The story follows the adventures of two old friends and former college roommates. Miles is a frustrated high school English teacher and unpublished would-be novelist, still pining for his divorced wife and capable of stealing money from his widowed mother. His friend Jack is a third-rate actor, currently doing commercial voice-overs for a living and about to marry into Beverly Hills wealth. The pair embark on a pre-nuptial, week-long bachelor party in the Santa Barbara wine country. After settling into a local motel, they visit wineries, play golf, pick up a couple of attractive local ladies, wine and dine, etc. This is a well-made film with good direction and acting. The gorgeous wine country scenery is beautifully photographed, featuring Chamber-of-Commerce-pleasing shots of the hamlets of Buellton, Solvang, and Los Olivos. The film shows one of the most enjoyable and lesser known regions of California to full advantage. There are many genuinely funny moments, and one tends to empathize with the two buddies. Yet, these are not nice people - weak, self-centered, untrustworthy, addicted to casual sex, and afflicted with alcoholism disguised as wine appreciation. In spite of a somewhat encouraging ending, one feels that Jack's marriage is doomed to failure, and that Miles will continue to muck-up his life.
An entertaining and at times ribaldly
funny film ..... but who cares?
INCREDIBLE!! or "I came to jeer and stayed to cheer" (I don't know whose quote that is, but I hope its not original). I invested a rainy January afternoon to discover why an animated family movie cartoon was getting such enthusiastic reviews and word-of-mouth, and was pleasantly surprised and entertained.
When our story opens super-heroes have become superfluous and are considered nuisances. The government has set up a sort of "witness protection" program for them. They are given new identities and told to fit into normal society. We meet the TV sitcom-ish family: Mr. Incredible, Dad, a big lovable oaf with super strength; Mrs. Incredible, Mom, AKA Elasti-Girl; and their three maladjusted super children. Mr. I is lured back into action and captured by an evil genius: the disaffected, revenge seeking former president of his fan club. This little nerd plans to eliminate Mr. I and the other super-heroes, destroy a large part of the city with his evil machine, and then become the replacement hero. Fortunately Mrs. I and the kids arrive in time to rescue Mr. I. and together they manage to save the day and foil the evil scheme. Along the way we learn that " the family that super-heroes together, stays together"; and why capes on super-hero costumes are a bad idea. The family accepts the general acclaim of the populace and apparently supers happily ever afterward. This film is a real hoot - funny, exciting, satiric, and recommended viewing for all ages (although some of the cartoon violence might be a little scary for very young children). The animation and production values are first class.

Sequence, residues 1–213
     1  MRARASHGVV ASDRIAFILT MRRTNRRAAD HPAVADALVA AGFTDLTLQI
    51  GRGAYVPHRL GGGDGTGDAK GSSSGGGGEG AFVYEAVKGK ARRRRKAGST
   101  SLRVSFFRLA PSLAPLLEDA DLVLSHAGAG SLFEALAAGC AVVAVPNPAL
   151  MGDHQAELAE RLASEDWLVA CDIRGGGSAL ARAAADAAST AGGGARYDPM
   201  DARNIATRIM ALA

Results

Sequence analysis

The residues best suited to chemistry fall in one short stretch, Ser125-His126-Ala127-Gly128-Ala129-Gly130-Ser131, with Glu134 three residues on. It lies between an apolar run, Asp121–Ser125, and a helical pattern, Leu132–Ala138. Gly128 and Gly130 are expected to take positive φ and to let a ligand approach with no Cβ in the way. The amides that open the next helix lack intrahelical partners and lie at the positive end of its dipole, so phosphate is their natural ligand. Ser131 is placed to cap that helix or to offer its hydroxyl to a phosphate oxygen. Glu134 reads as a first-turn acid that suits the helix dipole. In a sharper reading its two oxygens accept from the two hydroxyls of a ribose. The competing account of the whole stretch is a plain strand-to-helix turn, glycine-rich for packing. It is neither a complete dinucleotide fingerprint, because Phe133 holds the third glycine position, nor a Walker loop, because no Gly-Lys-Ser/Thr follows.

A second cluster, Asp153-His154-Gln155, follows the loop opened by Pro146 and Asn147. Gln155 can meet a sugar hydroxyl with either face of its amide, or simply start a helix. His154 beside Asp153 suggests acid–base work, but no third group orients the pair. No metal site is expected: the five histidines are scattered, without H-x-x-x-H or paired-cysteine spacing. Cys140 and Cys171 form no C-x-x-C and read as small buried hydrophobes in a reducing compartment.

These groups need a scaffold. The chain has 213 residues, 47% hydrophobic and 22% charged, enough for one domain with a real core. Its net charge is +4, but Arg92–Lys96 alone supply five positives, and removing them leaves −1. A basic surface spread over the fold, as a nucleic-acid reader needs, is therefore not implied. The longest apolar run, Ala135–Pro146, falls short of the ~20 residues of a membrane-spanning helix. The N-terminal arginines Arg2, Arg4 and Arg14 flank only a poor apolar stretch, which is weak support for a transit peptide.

Go and enjoy! You can take your grandchildren for cover if you are ashamed to be seen buying a ticket to a cartoon.
Hughes' amazing life - his brash genius, penchant for risk taking, womanizing, eccentricities, and the beginnings of his eventual descent into madness make for a fast-paced film which holds your interest throughout. Leonardo DiCaprio is excellent as Howard and almost, but not quite, shakes the "DiCaprio playing Hughes" feeling. The same could be said for the other cast members - Hollywood movie actors portraying Hollywood STARS.
Must viewing for movie or airplane buffs and an exciting
afternoon at the movies even if you are neither.
The Bourne Supremacy
WHAM! BAM! ALLAKAZAM!!! Non-stop action and suspense - car chases, explosions, assassinations, hand-to-hand combat and more. Amnesiac ex-CIA super agent Jason Bourne (Matt Damon) just wants to be left alone - but "they" won't let him be. A big mistake on "their" part. He single-handedly triumphs over Evil (the CIA), Eviller (renegade CIA), and Evillest (Big Oil in the person of a Russian plutocrat). He even recovers his memory. The US needs to send this guy after Osama.